# The runtime configuration file: This variable defines where Exim's runtime
# configuration file is. There is no default built into the source files, so
# there must be a setting in one of the local configuration files. The
# location of all other runtime files and directories can be changed in the
# runtime configuration file.

CONFIGURE_FILE=/etc/exim/exim.conf


# In some installations there may be multiple machines sharing file systems,
# where a different configuration file is required for Exim on the different
# machines. If CONFIGURE_FILE_USE_NODE is defined, then Exim will first look
# for a configuration file whose name is that defined by CONFIGURE_FILE,
# with the node name obtained by uname() tacked on the end, separated by a
# period (for example, /usr/exim/configure.host.in.some.domain. If this file
# does not exist, then the bare configuration file name is tried.

# CONFIGURE_FILE_USE_NODE=yes


# In some esoteric configurations two different versions of Exim are run,
# with different setuid values, and different configuration files are required
# to handle the different cases. If CONFIGURE_FILE_USE_EUID is defined, then
# Exim will first look for a configuration file whose name is that defined
# by CONFIGURE_FILE, with the effective uid tacked on the end, separated by
# a period (for eximple, /usr/exim/configure.0). If this file does not exist,
# then the bare configuration file name is tried. In the case when both
# CONFIGURE_FILE_USE_EUID and CONFIGURE_FILE_USE_NODE are set, four files
# are tried: <name>.<euid>.<node>, <name>.<node>, <name>.<euid>, and <name>.

# CONFIGURE_FILE_USE_EUID=yes


# The size of the delivery buffer: This specifies the size of buffer which is
# used when copying a message from the spool to a destination. The default
# value built into the source is 8192.

# DELIVER_BUFFER_SIZE=8192


# Included directors: These variables determine which individual director
# drivers are included in the Exim binary. There are no defaults; those that
# are wanted must be defined here by setting the appropriate variables to the
# value "yes". The actions of each director are described in a separate chapter
# in the manual. Including a director in the binary does not cause it to
# be used automatically. It has also to be specified in the runtime
# configuration file.

DIRECTOR_ALIASFILE=yes
DIRECTOR_FORWARDFILE=yes
DIRECTOR_LOCALUSER=yes
DIRECTOR_SMARTUSER=yes


# The mode of the database directory: Exim creates a directory called "db"
# in its spool directory, to hold its databases of hints. This variable
# determines the mode of the created directory. The default value in the
# source is 0750.

# DB_DIRECTORY_MODE=0750


# Database file mode: The mode of files created in the "db" directory defaults
# to 0640 in the source, and can be changed here.

# DB_MODE=0640


# Database lock file mode: The mode of zero-length files created in the "db"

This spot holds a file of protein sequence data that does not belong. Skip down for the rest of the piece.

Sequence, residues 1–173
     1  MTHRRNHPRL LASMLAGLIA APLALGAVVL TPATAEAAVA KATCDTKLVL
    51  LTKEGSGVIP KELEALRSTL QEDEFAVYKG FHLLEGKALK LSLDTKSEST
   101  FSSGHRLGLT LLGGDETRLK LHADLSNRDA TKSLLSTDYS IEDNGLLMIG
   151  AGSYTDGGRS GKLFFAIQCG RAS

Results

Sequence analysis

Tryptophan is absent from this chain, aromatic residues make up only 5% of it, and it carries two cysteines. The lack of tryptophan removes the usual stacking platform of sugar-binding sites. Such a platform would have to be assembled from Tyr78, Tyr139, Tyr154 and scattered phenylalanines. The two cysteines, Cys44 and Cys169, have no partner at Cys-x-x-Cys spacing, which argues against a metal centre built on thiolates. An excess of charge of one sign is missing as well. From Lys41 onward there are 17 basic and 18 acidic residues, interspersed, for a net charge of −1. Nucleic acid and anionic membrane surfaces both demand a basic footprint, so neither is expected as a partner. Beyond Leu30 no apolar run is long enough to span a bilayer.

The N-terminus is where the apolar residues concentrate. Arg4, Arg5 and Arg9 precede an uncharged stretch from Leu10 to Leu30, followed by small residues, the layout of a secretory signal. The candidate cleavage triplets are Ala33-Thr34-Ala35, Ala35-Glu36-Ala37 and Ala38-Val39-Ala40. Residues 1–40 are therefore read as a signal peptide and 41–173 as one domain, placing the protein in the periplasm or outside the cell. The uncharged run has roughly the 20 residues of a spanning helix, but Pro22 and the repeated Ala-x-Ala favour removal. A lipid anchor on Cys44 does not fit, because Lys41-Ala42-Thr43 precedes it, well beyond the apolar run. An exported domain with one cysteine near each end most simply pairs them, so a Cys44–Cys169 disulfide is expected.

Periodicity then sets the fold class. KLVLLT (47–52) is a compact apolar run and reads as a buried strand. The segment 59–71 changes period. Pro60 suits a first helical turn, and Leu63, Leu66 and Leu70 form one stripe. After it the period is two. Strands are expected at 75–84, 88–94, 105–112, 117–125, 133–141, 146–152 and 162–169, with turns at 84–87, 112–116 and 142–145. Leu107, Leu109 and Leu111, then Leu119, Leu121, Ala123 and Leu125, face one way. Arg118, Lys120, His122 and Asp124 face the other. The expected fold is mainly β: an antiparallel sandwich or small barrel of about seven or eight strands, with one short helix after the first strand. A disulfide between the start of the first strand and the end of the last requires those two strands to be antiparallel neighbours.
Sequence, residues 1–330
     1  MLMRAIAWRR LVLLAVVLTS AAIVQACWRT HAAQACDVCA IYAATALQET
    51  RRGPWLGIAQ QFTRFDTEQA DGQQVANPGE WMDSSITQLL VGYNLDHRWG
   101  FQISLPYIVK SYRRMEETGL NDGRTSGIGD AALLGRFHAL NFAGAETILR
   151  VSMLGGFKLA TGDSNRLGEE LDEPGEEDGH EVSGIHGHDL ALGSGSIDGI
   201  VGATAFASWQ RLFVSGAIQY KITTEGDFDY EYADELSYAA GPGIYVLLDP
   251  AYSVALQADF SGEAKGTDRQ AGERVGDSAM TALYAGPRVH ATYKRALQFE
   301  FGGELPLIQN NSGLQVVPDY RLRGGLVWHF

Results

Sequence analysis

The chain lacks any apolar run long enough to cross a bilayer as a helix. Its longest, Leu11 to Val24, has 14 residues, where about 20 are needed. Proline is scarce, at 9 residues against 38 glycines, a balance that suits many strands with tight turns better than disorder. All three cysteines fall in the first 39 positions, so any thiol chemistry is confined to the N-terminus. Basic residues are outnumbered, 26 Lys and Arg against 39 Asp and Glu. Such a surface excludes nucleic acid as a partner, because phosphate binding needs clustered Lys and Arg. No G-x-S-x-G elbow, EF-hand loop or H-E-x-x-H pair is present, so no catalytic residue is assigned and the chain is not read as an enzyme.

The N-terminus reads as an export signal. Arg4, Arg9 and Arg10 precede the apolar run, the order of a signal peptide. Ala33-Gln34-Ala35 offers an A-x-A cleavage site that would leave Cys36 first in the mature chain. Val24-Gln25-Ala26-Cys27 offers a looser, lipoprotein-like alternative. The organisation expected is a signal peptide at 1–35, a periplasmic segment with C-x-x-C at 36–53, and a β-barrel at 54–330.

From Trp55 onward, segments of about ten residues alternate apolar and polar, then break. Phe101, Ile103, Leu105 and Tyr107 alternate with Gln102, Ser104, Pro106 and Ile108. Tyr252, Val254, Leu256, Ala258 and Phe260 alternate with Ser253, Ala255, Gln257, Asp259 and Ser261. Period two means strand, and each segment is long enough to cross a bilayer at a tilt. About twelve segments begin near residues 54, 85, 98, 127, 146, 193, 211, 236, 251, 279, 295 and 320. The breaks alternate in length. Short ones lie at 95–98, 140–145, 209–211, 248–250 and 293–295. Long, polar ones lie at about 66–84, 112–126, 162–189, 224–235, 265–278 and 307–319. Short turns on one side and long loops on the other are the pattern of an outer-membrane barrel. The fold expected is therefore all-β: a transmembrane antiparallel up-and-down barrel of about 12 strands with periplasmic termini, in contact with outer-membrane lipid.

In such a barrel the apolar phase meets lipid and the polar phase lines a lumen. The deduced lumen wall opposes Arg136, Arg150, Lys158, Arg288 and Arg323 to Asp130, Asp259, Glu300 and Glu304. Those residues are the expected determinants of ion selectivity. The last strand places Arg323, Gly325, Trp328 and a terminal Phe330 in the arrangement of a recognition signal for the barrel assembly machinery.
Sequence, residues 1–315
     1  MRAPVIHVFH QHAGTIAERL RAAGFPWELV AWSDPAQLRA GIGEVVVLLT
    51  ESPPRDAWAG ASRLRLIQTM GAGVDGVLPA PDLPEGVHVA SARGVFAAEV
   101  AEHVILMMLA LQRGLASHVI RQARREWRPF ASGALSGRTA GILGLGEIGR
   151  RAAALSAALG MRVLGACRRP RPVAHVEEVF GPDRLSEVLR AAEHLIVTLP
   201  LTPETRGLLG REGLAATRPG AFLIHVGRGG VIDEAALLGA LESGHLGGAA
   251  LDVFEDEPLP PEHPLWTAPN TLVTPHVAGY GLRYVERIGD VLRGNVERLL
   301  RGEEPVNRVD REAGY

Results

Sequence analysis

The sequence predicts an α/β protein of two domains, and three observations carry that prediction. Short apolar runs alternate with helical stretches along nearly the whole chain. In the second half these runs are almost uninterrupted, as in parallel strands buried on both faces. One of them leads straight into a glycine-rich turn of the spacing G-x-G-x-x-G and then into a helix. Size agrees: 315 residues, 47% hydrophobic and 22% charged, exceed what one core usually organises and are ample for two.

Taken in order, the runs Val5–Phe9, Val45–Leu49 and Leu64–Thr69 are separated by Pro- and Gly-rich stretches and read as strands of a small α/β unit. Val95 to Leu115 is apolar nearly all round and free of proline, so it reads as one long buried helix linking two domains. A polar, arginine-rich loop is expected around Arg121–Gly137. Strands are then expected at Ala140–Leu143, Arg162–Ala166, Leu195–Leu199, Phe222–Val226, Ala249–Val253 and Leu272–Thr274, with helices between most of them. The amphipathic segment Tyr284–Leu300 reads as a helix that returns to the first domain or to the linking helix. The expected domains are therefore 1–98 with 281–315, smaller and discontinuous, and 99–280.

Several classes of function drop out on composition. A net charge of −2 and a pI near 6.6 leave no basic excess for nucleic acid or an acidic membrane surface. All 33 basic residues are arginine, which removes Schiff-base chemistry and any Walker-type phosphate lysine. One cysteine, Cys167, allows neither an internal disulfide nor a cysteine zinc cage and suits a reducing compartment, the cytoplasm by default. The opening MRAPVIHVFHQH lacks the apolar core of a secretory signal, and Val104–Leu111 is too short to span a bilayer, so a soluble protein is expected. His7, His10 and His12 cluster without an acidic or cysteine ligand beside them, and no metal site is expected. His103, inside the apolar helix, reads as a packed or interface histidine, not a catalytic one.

# directory to use for locking purposes defaults to 0640 in the source, and
# can be changed here.

# DB_LOCKFILE_MODE=0640


# Cycling log files: this variable specifies the maximum number of old
# log files that are kept by the exicyclog log-cycling script.

EXICYCLOG_MAX=10


# Running Exim without it being root all the time: A uid and gid for Exim can
# be specified here, and this is strongly recommended. These values are
# compiled into the binary. It is possible to change them by settings in the
# runtime configuration file, but setting them here is preferred. If EXIM_UID
# is not defined, the default in the code is to run as root (unless specified
# otherwise at run time) except when doing local deliveries, when it always
# runs as the appropriate local user. Specifying 0 at run time has the effect
# of unsetting the values build into the binary.

# Setting EXIM_GID without setting EXIM_UID has no effect.

# The settings here must be numeric; the run time file allows names to
# be used. When this uid and gid are set, the Exim binary still has to be
# setuid root if local deliveries are to be performed or a listener on port
# 25 is to be run, but it gives up its privilege when possible. There is a
# trade-off between security and efficiency, controlled by the runtime
# "security" setting, which controls how privilege is released (setuid vs
# seteuid).

# EXIM_UID=
# EXIM_GID=


# Compiling the Exim monitor: If you want to compile the Exim monitor,
# a program that requires an X11 display, then EXIM_MONITOR should be
# set to the value "eximon.bin". Comment out this setting to disable
# compilation of the binary file that is run by the eximon script. The
# locations of various X11 directories for libraries and include files
# are defaulted in the OS/Makefile-Default file, and can be overridden
# in local OS-specific make files.

EXIM_MONITOR=eximon.bin


# Compiling in support for embedded Perl: If you want to be able to
# use Perl code in Exim's string manipulation language and you have Perl
# (version 5.004 or later) installed, set EXIM_PERL to perl.o.

# EXIM_PERL=perl.o


# There are also three options which are used when compiling the Perl interface
# and when linking with Perl. The default values for these are placed
# automatically at the head of the Makefile by the script which builds it.
# However, if you want to override them, you can do so here.

# PERL_CC=
# PERL_CCOPTS=
# PERL_LIBS=


# This parameter sets the maximum length of the header portion of a message
# that Exim is prepared to process. The default setting is one megabyte. There
# is a limit in order to catch rogue mailers that might connect to your SMTP
# port, start off a header line, and then just pump junk at it for ever. The
# message_size_limit option would also catch this, but it may not be set.

# HEADER_MAXSIZE="(1024*1024)"


# The mode of the input directory: The input directory is where messages are
# kept while awaiting delivery. Exim creates it if necessary, using a mode
# which can be defined here (default 0750).

# INPUT_DIRECTORY_MODE=0750


# Exim log directory and files: Exim creates several log files inside a
# single log directory. You can define the directory and the form of the
# log file name here, by setting LOG_FILE_PATH to a path name containing one